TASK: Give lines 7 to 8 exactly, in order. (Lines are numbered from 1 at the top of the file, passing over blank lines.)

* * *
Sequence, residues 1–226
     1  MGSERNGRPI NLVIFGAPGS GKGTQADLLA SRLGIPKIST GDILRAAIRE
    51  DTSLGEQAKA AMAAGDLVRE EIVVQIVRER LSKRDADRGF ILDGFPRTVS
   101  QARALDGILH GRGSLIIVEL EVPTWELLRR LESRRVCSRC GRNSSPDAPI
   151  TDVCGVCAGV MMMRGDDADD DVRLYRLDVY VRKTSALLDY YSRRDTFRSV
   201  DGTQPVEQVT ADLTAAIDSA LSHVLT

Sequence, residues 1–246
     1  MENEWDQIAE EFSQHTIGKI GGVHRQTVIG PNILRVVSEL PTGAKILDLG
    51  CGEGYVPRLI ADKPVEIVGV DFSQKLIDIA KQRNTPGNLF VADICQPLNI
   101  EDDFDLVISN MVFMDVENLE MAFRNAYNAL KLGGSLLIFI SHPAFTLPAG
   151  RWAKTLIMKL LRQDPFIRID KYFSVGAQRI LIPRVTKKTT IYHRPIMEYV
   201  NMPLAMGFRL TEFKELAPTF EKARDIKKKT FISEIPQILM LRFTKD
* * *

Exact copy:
Sequence, residues 1–246
     1  MENEWDQIAE EFSQHTIGKI GGVHRQTVIG PNILRVVSEL PTGAKILDLG